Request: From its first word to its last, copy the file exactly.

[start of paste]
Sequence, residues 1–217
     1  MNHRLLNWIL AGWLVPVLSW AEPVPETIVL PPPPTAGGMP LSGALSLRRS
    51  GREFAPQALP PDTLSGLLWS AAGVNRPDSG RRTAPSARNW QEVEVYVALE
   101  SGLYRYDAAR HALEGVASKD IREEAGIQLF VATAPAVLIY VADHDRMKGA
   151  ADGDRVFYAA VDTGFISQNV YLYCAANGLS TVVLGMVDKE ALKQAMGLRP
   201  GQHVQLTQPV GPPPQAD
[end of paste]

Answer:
Sequence, residues 1–217
     1  MNHRLLNWIL AGWLVPVLSW AEPVPETIVL PPPPTAGGMP LSGALSLRRS
    51  GREFAPQALP PDTLSGLLWS AAGVNRPDSG RRTAPSARNW QEVEVYVALE
   101  SGLYRYDAAR HALEGVASKD IREEAGIQLF VATAPAVLIY VADHDRMKGA
   151  ADGDRVFYAA VDTGFISQNV YLYCAANGLS TVVLGMVDKE ALKQAMGLRP
   201  GQHVQLTQPV GPPPQAD